I’m frequently referred to as a pioneer in the snowboarding world. I have an Olympic silver medal and have won four X-Games gold medals — though I’ll be the first to tell you it hasn’t been an easy journey. After I won the silver medal at the Olympics, I faced a lot of distractions. There were so many other opportunities and responsibilities surrounding snowboarding, I lost my excitement for the sport.
I was no longer riding every day because I allowed the business opportunities — such as media requests, photo shoots, and appearances — to take precedence. I believed I needed to make the most of this small window of opportunity to earn money and build my business and my brand.
So when I did finally get to snowboard it was either for a photo or film shoot or, on the rare occasion that I was able to snowboard without a project at the center, then I had the mentality that I needed to “train” for competition, and I put more pressure on myself to be productive and efficient rather than doing it for the love of it.
Without realizing it, a switch had been flipped. Snowboarding had gone from being about pursuing a dream and a passion to now solely capitalizing on the achievement of that dream and passion. Snowboarding had become draining and overwhelming. It was no longer what brought out the best in me; it was beginning to bring out my worst.
After some time and contemplation, I came to realize that I needed to make my meditation practice the foundation of my life. Meditation is the practice of sitting quietly with yourself in order to experience the peace, tranquillity, and happiness that is within you. The only thing we can count on to remain the same and never change in this life is our own inner nature. That is what we reconnect with when we practice meditation.
When I focused on making my meditation practice a priority, I found that it actually helped improve my snowboarding. Prior to learning about andpracticing meditation, snowboarding had become unconscious for me. I no longer had awareness of what I was really doing; I was on autopilot. Meditation helped bring awareness back into my snowboarding. And just like meditation itself, regaining this awareness took practice. It took time for me to become re-aware of what I was doing when I was on the snow.
This all clicked for me at the 2009 Grand Prix in Killington, Vermont. For the first time in a long time, I became aware once more around what edge I was on as I ollied into the halfpipe, and how much weight was on my back leg versus my front leg, and what angle I took as I rode up the wall before throwing my Crippler. And while these might seem like very basic and foundational steps of awareness to someone who rides the halfpipe every day, it was actually overwhelming and almost scary because I just wasn’t used to being aware of it all anymore so it took a lot of energy!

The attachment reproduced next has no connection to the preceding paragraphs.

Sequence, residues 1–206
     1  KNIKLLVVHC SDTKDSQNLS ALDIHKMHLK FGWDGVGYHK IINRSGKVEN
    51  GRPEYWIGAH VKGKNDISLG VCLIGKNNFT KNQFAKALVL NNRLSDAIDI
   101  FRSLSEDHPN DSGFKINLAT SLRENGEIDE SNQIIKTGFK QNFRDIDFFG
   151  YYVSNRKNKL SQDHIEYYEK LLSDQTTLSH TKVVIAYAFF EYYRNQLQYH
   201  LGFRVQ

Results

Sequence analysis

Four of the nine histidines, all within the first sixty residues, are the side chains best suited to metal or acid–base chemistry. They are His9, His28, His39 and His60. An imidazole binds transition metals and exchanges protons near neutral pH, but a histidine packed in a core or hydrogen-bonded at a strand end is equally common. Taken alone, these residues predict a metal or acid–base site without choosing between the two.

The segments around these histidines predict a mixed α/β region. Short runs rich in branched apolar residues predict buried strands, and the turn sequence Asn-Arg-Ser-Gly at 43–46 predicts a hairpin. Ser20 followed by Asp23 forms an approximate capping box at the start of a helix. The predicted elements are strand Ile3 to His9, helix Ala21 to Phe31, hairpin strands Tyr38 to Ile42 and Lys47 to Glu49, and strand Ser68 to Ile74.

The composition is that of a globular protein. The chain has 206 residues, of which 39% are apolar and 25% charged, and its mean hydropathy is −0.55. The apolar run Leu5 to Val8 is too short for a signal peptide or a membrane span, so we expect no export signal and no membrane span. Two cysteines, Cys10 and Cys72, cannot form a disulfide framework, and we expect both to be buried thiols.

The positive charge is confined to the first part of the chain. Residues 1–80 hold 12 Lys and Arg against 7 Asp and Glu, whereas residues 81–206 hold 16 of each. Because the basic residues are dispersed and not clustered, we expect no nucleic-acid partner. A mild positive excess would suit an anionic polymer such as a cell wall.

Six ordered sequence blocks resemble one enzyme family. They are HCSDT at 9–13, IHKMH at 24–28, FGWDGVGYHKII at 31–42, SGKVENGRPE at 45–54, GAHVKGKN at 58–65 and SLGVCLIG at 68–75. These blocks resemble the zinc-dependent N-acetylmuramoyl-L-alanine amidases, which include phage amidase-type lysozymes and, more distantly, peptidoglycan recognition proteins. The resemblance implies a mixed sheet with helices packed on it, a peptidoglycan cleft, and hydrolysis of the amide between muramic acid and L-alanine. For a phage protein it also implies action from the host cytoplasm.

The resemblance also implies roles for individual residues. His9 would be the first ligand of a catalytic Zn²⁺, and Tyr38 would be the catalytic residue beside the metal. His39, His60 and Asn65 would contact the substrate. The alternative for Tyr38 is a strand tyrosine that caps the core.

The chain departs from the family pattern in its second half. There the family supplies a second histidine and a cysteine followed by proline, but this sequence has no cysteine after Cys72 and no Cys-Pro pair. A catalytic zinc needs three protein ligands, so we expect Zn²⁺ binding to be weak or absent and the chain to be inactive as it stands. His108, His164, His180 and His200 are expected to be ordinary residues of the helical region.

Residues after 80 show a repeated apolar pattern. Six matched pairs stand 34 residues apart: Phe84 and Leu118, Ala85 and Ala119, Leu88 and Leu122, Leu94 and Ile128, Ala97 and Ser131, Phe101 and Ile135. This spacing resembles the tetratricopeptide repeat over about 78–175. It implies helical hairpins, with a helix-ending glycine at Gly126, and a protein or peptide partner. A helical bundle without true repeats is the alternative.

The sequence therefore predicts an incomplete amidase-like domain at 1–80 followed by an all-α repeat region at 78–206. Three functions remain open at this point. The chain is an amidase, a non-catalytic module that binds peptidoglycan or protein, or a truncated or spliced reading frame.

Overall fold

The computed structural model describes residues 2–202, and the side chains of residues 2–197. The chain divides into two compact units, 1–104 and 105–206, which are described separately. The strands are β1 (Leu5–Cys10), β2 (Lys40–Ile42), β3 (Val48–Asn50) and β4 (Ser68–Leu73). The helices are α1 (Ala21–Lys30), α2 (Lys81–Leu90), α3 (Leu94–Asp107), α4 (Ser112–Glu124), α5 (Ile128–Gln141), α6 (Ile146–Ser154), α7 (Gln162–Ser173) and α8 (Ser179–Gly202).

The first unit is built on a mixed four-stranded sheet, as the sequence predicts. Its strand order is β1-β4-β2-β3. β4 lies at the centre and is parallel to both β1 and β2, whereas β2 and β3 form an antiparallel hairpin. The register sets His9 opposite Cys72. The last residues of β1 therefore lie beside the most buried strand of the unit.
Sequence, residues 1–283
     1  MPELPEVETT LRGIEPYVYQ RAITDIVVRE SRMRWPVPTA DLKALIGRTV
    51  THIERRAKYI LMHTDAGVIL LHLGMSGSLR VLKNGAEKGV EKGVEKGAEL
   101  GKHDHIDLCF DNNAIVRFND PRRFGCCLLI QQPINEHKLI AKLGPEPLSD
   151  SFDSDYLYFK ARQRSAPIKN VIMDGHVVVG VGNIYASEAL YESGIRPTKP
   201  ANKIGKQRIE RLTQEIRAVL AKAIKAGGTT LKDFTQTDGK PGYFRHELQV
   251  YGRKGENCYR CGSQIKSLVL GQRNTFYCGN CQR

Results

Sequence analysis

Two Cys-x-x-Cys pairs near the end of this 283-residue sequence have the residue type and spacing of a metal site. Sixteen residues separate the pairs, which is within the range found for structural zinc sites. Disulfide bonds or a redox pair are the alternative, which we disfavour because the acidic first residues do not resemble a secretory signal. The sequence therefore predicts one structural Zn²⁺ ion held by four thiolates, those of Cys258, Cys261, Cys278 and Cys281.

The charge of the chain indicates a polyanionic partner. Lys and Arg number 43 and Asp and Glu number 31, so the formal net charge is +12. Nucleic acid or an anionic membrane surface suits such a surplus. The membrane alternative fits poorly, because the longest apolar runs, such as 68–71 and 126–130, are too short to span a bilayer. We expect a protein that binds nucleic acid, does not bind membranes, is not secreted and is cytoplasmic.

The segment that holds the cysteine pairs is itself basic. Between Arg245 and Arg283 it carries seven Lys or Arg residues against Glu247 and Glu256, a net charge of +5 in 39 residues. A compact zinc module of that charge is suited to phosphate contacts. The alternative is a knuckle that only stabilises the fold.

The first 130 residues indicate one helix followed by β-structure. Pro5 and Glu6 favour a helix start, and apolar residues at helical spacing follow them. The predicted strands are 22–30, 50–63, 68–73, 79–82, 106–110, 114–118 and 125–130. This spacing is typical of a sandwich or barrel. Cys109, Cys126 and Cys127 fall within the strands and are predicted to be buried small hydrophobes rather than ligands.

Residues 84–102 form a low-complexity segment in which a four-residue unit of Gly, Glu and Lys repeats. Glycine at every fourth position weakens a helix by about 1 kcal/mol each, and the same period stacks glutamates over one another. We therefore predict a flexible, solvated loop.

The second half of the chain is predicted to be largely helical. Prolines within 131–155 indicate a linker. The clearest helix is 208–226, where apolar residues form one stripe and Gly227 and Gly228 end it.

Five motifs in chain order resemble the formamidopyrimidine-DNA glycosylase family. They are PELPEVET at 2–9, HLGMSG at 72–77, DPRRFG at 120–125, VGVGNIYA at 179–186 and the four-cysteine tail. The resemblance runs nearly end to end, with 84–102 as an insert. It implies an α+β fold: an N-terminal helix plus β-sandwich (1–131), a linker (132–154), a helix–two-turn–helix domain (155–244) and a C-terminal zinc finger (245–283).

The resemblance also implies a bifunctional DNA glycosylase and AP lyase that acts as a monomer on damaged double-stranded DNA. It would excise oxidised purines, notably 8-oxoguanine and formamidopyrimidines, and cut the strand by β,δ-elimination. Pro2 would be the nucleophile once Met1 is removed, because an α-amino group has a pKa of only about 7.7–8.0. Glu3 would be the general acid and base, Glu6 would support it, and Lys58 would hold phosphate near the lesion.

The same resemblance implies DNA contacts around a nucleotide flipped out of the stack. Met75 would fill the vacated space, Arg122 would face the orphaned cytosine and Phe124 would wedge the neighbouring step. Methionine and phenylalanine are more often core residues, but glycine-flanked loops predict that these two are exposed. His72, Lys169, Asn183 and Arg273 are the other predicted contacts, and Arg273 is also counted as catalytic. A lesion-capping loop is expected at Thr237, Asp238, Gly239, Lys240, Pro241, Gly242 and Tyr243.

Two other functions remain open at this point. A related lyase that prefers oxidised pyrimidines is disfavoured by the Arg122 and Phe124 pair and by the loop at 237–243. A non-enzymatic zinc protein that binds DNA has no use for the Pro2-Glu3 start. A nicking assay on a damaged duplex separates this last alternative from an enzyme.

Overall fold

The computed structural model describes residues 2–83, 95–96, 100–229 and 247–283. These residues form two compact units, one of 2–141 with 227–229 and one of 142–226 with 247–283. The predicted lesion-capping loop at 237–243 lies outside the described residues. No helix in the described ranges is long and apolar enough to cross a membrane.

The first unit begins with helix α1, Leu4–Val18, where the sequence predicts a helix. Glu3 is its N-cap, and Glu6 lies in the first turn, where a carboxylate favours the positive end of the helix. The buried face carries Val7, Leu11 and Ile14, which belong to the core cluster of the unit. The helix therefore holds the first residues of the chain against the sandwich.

I had to shed the security blanket of my being on autopilot and reengage if I was going to break through to another level of skill on my snowboard. I stumbled a bit in this. It was like taking off my earmuffs and listening to my intuition again. And it was my intuition that knew the tiniest of tweaks and adjustments that would serve my body in pulling off these things that I was asking it to do. I was also more aware of what external factors could help or hurt my snowboarding by listening to my newly aware intuition.
All too often, athletes, when they feel they’ve hit a plateau, will just try to force themselves through the rut they are in. Other athletes, when stuck at a plateau, will turn to a new coach or a new diet or a new trainer. I would say, “Stop!” First simply return to your own intuition and awareness by introducing a meditation practice. This will help you become re-aware of your sport and your progression. Meditation can help you see the ruts you’re in without having to find an external or unsafe source to help you break through to your full potential.
This isn’t to say bringing meditation into your life will be easy or a quick fix. There is no such thing as a quick fix! To be honest, meditation takes the passion, discipline, and commitment of an Olympic athlete. And when it comes to meditation, it’s hard to see the benefits unless we have put in the practice.
There’s always room to grow on your journey for inner fulfillment, peace, and happiness, and the more you explore it, the more fully you will experience it, and that’s something no one can measure or define for you. Additionally, there will be twists and turns along your journey. You’ll have to release expectations and judgments. You’ll have to let go of wanting to control the outcome of what the journey will look like and how it will feel. But you will continue to practice for no other reason than to practice, and the journey along the way will be the point.
Photo courtesy of K2 Snowboarding